New Diocese of Salt Lake City DDD/stewardship director brings extensive experience to the post

Friday, Oct. 10, 2014
New Diocese of Salt Lake City DDD/stewardship director brings extensive experience to the post + Enlarge
John Kaloudis
By Marie Mischel
Intermountain Catholic

SALT LAKE CITY — John Kaloudis has seen firsthand how Christian outreach can help those in need.
While working for International Orthodox Christian Charities (IOCC), an international humanitarian aid organization, from 2001 to 2006, he traveled to Eastern Europe and the West Bank to see the effects of the microloans the organization dispersed.
In the Bosnian countryside, he met an older Christian woman who, through a translator, told how members of the Muslim militia forced their way into her home, repeatedly raped her daughter, then killed her son-in-law and daughter, all in front of her grandchildren. They also burned down the house. With the microloan, the woman was able to rebuild her home, continue farming the land, and receive counseling services to deal with the trauma.
“That’s one of the most graphic illustrations that I remember of what IOCC is doing,” said Kaloudis, whose job was to solicit financial support for the IOCC programs from individuals and groups at parishes in the United States.
In the Catholic Diocese of Salt Lake City, “there are different stories here. They may not be as dramatic as that one, but there are immigrants to help, there are homeless people to help, there are handicapped people to help,” said Kaloudis, who was appointed Director of Stewardship and Development in September. “There are different stories, but they are real stories, and the DDD [Diocesan Development Drive] does make a difference. I’ve seen that in the short period of time that I’ve been here.”
The DDD is the annual fundraising appeal for diocesan services such as the education of seminarians, religious education for children and adults, Catholic Community Services and Utah Catholic Schools, among many others.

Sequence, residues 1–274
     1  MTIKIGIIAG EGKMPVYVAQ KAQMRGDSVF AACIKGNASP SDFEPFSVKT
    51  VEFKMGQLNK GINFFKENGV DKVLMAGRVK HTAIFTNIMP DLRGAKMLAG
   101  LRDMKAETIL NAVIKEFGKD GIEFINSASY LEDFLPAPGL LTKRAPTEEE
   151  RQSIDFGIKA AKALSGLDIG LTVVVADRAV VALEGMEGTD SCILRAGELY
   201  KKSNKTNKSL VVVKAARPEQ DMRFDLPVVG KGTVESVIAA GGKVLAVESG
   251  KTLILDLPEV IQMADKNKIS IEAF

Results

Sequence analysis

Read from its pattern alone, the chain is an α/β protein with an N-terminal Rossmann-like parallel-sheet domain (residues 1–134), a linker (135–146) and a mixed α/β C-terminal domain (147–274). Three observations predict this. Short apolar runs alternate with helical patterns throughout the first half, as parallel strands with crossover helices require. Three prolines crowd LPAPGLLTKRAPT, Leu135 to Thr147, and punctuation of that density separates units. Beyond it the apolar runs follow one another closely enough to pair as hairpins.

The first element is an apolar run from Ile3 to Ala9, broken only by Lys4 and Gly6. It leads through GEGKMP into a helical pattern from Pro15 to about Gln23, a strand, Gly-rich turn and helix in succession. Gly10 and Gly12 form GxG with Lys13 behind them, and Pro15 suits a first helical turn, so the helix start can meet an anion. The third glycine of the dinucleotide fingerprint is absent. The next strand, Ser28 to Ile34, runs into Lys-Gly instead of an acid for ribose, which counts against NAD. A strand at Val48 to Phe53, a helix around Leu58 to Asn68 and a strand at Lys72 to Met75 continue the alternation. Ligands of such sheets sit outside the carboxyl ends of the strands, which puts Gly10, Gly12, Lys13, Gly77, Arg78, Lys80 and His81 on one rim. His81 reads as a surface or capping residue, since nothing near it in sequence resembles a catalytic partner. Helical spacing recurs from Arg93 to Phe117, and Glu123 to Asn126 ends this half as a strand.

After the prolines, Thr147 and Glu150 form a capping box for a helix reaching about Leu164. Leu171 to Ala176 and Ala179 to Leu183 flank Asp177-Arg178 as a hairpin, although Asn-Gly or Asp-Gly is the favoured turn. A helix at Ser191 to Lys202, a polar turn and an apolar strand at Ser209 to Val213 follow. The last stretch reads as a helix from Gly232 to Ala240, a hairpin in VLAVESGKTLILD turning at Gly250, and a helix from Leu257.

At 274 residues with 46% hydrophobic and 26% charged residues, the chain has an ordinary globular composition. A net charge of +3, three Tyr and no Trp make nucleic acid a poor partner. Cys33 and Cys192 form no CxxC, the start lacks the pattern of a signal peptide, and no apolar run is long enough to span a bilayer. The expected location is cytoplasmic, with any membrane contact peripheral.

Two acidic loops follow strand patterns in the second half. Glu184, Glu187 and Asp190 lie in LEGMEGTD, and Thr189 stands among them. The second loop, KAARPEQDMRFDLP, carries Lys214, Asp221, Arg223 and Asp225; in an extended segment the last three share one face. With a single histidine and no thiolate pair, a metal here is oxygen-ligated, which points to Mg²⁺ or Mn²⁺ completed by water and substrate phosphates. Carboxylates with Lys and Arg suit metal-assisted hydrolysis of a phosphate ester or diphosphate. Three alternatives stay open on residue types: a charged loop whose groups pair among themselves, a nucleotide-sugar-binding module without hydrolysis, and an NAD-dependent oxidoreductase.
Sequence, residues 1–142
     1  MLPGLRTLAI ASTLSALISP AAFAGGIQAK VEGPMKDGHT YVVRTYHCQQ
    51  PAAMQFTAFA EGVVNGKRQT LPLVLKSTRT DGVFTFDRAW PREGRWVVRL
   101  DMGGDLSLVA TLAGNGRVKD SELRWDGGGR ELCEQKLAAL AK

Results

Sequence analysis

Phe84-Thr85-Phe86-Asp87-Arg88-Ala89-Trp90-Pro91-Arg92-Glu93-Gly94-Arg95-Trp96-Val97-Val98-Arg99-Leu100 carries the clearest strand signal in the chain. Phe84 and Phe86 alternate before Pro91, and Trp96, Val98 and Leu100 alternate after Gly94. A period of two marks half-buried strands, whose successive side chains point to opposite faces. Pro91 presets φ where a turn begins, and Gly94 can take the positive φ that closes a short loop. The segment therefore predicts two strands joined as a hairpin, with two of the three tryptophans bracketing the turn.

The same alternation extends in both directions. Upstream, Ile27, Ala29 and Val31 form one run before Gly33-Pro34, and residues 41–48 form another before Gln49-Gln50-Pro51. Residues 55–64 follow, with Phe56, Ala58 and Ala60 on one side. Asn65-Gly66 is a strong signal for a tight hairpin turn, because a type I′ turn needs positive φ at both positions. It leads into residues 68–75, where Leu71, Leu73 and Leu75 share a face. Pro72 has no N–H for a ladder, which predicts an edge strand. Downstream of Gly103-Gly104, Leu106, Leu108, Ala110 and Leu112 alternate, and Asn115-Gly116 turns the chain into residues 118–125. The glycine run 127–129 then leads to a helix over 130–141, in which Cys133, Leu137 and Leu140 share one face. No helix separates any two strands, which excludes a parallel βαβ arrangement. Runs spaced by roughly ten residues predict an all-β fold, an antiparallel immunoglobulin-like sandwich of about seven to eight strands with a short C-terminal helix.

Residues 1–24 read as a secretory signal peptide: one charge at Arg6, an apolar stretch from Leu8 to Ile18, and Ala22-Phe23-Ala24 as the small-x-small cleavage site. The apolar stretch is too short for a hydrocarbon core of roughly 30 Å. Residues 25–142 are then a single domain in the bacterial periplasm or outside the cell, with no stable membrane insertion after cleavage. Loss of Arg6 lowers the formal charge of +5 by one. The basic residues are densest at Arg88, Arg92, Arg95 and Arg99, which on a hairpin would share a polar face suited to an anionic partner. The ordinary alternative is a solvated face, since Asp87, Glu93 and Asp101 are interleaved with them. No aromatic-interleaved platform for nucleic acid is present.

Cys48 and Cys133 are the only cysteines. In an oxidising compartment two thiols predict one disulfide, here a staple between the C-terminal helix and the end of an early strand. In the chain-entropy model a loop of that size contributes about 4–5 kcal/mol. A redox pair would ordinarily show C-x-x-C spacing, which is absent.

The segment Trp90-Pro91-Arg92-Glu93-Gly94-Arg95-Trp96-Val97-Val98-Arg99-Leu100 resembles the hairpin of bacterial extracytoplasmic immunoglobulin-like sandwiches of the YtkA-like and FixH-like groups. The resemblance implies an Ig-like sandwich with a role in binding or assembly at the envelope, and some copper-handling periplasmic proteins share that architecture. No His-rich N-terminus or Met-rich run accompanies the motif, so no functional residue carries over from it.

It has been less than a month since Kaloudis was appointed to his position. His predecessor, Karin Hurley, moved out of state when her husband was transferred for his work.
As he works to understand the intricacies of his new job, Kaloudis believes that stewardship and the DDD are “inextricably woven together. Once people have a greater understanding of Christian stewardship as being a way of life, then that becomes a motivation to give to DDD,” he said. “From my perspective, people have divorced the whole idea of their finances from their Christian life, where I think they’re woven together. Jesus spoke more about money than he did about prayer, so what we do with our money is a very spiritual thing, but people tend to not think that way.”
That perspective was formed in part by his early education and training: He holds a Master’s of Divinity from Holy Cross Seminary in Boston, and he served as a priest of Salt Lake City’s Greek Orthodox Community from 1985 to 2001, during which time he oversaw the spiritual, administrative, educational and fundraising activities of the community, which included a $3 million classroom expansion and gymnasium.
More recently, Kaloudis served as Director of Development for the University of Utah’s College of Mining Engineering and Earth Sciences, coordinating fundraising activities that included a $13 million donation to build the Sutton Building and endowing two chairs.
“To me it’s always very gratifying to know that I’m helping people and really making a difference in people’s lives,” Kaloudis said, adding that he sees education as a part of his job. “We need to connect the Christian concept of stewardship, the [Diocesan Development] Drive, then the outcome of helping people. If we have a commitment to Christ, and a commitment for Roman Catholics to the Church, then stewardship is a natural outgrowth of that commitment.”
Kaloudis, who is married and has grown children, enjoys playing tennis, conversing with people who have diverse views, and reading; he recently began a biography of the German Lutheran theologian Dietrich Bonhoeffer. He prefers non-fiction works, he said, because “there’s just so much I don’t know.”

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